Fair Winds and al Following Sea…5

…No job? No problem. Within a nano second I had a job as a Shiller. I didn’t know it at the time but shilling was, is, highly illegal. The main thrust of this was to work with a promoter of household goods, a real barker or Grifter. Those Barkers barking their chop and dice machines, cutting boards, chamois, polishers, waxes, anything that would make the business of housework easier.  My job was to go into the audience and at a predetermined agreed upon time, usually just at the end of the presentation, I would yell out: “I’ll take one.” And before you could say “sham wow” everyone took my lead and scrambled for a piece of the action. It always worked. I did have to disappear, make myself scarce, and not come back to the presentation booth until the crowd had dispersed. It was a risky business, yet a seemingly innocent way to make a buck. One had to be very discreet so as not to attract unwanted attention, especially with returning customers. I wore a wide variety of hats, different coloured shirts, sun glasses, normal glasses, even wigs if my boss thought it was necessary. My undoing was a police constable who was very observant and very good at his job.  He took me aside after one of the presentations, told me that I was very good indeed at what I did but to get the hell out of there before he charged me with fraud and public mischief.  I left and that was the end of my glorious days as a gangster.

What now? In what seemed to be another nano second I had a job on one of the fair’s rides.  It wasn’t a thrill ride per se but a cable ride that took people across the fairgrounds, from one end to the other, at a height of about 200 feet. The “SkyView” I think it was called. It was new, it was neat and it was boring work. But it was a job. What did I have to do?  When the cable car or passenger pod came into dock with the terminal at either end of the fairground it was our job to grab the leading edge of the pod and pull it on to another parallel track where it would stop, settle, and then allow us enough time to unload and reload the “great unwashed,” our code name for the paying public. It was hideously boring work.  And 12 hour shifts to boot.  One had to become very creative in a job like this one to wile away the time. I was very lucky in this regard being very disciplined in my work. I could revert to a Zen like state of mind all the while ensuring the safety of the paying public. The looks I received, when I could recall them of course, was a sight to behold: quizzical, weird looking stairs at my glazed eyeballs, the robotic movement of my body as I opened and closed the doors and followed the tracks to offload or on-load these morons.  Silent, no words, no greetings just thoughts of “get off the effin car you stupid idiot” – or something like that. It was the only way one could survive in this mind numbing environment.  I did scare the little ones.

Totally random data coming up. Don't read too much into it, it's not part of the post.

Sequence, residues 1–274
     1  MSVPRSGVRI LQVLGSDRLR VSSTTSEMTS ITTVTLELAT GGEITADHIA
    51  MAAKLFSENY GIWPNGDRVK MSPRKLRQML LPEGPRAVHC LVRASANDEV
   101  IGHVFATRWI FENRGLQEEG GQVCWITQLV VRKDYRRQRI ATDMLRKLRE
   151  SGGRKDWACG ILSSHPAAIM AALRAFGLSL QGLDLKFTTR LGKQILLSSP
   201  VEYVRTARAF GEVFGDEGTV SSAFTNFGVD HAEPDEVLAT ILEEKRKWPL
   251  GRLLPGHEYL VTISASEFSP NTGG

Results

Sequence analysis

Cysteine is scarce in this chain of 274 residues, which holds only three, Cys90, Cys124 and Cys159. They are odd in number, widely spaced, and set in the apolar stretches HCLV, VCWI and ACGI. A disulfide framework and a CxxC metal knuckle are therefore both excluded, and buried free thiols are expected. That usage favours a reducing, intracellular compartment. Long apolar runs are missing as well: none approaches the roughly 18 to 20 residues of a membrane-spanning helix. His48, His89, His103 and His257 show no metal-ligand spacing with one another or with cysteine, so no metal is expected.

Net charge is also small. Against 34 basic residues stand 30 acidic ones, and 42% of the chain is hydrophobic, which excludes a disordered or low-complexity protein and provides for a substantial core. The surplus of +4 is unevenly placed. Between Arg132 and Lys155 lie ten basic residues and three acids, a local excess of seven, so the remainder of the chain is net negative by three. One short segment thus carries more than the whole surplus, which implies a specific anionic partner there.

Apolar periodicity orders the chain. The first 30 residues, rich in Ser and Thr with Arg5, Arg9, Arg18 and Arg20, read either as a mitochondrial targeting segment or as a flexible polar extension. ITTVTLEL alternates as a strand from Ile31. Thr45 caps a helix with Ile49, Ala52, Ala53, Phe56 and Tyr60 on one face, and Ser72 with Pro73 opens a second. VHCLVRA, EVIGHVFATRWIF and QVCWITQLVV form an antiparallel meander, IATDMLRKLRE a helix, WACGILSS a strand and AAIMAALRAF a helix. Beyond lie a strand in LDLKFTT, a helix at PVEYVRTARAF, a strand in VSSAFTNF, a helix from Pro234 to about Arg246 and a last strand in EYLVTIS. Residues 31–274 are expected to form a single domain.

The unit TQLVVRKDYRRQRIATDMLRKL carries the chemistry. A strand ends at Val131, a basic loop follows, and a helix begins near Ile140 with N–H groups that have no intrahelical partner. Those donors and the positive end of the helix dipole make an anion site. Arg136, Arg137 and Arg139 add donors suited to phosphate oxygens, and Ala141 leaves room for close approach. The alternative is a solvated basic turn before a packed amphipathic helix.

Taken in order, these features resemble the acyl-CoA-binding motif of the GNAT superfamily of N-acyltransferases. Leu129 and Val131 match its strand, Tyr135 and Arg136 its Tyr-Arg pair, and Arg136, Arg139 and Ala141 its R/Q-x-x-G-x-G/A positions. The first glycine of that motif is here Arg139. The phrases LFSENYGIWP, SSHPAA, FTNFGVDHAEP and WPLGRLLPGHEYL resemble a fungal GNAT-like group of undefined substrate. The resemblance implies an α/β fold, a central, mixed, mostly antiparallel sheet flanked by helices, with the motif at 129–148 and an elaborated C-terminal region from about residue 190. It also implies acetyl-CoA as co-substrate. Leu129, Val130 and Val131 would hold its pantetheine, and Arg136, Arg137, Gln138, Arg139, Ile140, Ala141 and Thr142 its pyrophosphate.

“Mommy,” I could hear them say “look at that man’s face. He is really, really scary” 

At night I used to have nightmares of this ride with the endless pods of ingratiating people. Pod after endless pod coming straight for me. The great unwashed, faces hideously focused on me as they came into the terminal.  At first they were happy smiling faces giggling with sheer delight with the ride.  Then, while turning toward me, their faces would transform, expanding and contracting, like play dough caricatures, into devilish looking evil gargoyles, or worse, satanic griffins waiting to devour me into their gaping mouths.  It was a terrifying dream as the line of pods grew out to infinity. Pod after pod: hundreds, thousands, millions of them, coming straight at me.  There was no end in sight. I could hear myself scream, and then wake up in a cold sweat: panting, palpitating, and gasping for breath.  It was horrible…